Our citizenry began to dedicate the whole of their lives to attaining ever higher station through the acquisition of the prestigious alternative; “upward mobility” became the coin of the realm. The engines of production roared ahead and it was all we could do to keep up.

We started accessorizing alternatives. Each station had its accouterments, its totem objects, its status symbols. “Conspicuous consumption” became the buzz word of the day. We were producing everything from palatial estates to inner-city squats, Gucci luggage to Hefty bags, Lamborghinis to Lions warm-up jackets. Our manufacturing sector was going crazy. We feared market saturation.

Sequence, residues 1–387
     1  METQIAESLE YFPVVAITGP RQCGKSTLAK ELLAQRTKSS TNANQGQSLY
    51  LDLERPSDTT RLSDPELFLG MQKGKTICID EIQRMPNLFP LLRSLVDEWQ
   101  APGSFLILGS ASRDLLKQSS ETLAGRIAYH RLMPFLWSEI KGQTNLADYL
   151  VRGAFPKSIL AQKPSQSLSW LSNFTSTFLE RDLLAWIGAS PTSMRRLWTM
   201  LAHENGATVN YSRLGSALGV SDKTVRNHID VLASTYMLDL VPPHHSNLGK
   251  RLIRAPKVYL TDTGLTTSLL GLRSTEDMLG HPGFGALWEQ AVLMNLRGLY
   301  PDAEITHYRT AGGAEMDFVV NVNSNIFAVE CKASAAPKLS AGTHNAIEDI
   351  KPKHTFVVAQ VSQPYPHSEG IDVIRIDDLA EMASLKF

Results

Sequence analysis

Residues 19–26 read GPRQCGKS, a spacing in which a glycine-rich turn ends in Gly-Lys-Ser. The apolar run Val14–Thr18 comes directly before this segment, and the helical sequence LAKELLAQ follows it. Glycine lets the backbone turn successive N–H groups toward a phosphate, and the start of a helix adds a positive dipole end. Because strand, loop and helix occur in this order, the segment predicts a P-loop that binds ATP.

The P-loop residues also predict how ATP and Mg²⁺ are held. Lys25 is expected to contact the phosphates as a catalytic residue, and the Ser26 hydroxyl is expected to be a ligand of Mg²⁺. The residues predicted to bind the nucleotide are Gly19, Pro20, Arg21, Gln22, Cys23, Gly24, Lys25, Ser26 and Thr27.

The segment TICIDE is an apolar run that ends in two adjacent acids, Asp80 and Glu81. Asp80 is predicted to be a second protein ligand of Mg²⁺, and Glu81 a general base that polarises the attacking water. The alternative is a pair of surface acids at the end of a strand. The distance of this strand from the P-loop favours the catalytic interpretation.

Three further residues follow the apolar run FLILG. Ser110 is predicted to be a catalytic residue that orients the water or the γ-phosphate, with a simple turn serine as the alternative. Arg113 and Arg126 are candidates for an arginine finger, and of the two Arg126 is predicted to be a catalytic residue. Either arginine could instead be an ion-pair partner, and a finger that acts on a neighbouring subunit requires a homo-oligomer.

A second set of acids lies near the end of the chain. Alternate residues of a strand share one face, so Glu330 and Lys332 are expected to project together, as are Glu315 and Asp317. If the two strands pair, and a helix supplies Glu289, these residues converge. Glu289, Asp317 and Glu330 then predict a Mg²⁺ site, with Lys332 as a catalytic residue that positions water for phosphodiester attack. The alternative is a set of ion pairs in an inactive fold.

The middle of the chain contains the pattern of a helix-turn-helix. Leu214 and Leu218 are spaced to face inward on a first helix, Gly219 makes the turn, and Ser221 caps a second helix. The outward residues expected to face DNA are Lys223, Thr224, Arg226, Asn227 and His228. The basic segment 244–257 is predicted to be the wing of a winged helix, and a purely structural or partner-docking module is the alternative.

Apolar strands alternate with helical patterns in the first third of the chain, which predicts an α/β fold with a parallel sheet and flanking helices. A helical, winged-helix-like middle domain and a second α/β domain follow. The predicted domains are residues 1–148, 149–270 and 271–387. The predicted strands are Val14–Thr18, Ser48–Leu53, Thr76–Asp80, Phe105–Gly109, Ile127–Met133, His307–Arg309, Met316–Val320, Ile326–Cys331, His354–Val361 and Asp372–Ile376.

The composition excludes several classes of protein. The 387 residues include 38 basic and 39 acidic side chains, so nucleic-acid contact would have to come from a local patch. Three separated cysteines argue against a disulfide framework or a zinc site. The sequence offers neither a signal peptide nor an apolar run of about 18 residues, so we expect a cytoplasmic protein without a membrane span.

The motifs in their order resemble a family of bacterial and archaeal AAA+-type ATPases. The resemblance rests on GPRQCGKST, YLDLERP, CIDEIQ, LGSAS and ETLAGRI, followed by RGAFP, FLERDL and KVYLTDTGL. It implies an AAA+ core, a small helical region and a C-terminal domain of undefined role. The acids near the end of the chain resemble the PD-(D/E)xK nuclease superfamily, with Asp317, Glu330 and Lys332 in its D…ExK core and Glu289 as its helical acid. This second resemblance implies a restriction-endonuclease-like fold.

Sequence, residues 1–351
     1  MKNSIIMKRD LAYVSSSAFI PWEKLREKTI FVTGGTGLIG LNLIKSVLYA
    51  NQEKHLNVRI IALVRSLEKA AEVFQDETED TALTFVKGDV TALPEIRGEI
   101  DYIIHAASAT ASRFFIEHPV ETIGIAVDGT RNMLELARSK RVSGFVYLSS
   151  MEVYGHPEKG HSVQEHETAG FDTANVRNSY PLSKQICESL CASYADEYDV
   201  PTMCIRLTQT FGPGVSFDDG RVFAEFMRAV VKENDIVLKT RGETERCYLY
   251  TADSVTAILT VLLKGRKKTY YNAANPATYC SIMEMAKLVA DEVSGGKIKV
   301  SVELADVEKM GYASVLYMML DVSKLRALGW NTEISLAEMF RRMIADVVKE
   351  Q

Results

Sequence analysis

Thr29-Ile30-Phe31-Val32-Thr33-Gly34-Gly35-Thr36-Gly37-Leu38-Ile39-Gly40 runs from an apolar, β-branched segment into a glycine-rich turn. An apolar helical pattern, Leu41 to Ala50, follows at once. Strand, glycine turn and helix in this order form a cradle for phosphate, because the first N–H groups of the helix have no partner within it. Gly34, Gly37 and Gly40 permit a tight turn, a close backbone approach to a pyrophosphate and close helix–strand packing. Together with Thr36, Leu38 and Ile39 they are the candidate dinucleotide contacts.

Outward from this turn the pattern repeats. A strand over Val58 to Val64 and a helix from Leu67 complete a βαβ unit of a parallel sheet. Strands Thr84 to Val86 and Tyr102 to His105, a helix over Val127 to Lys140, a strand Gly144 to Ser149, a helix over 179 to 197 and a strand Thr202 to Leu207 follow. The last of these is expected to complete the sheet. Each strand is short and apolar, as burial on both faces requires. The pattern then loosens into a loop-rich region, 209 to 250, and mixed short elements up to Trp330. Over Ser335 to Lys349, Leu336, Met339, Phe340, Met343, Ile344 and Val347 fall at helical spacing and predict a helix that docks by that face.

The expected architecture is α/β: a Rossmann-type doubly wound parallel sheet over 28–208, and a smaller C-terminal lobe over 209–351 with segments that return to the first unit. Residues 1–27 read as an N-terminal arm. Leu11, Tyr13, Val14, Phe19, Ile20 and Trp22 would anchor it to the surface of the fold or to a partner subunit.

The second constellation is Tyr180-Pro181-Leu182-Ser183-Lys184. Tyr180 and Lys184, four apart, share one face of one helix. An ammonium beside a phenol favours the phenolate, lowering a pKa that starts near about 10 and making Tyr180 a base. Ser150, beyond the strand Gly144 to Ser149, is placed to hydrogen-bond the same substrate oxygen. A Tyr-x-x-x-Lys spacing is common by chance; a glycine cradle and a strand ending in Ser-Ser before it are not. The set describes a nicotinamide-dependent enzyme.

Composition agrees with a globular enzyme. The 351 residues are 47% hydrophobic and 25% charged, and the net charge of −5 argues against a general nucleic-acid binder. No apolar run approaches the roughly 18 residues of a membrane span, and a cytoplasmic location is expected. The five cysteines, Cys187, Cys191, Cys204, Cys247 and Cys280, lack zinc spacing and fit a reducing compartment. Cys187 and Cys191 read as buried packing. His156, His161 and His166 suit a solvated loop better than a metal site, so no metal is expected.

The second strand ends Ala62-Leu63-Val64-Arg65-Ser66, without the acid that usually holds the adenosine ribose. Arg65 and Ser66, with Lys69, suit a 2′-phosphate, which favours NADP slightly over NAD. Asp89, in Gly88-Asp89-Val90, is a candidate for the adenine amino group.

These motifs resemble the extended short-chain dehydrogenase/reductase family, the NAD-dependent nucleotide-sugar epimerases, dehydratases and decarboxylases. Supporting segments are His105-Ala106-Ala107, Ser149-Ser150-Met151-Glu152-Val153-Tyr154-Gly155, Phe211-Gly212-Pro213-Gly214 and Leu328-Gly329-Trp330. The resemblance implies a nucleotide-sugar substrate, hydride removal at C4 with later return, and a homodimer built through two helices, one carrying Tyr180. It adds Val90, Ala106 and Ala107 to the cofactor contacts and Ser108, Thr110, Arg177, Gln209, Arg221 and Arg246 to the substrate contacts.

“It’ll never happen,” our analysts assured us. We celebrated by inventing the stock market.

Then for unknown reasons the bottom fell out. Resources were scant. Good alternatives too costly, or gotten on the sly. Those who achieved fame were shamed, stolen from, sued. Everyone was speculating on future alternatives which were bundled and sold on the cheap. The market for alternatives suddenly collapsed.

“Do something,” the boss upstairs said.

“We’d have to start over!” we said.

Then someone in R&D sent down the word.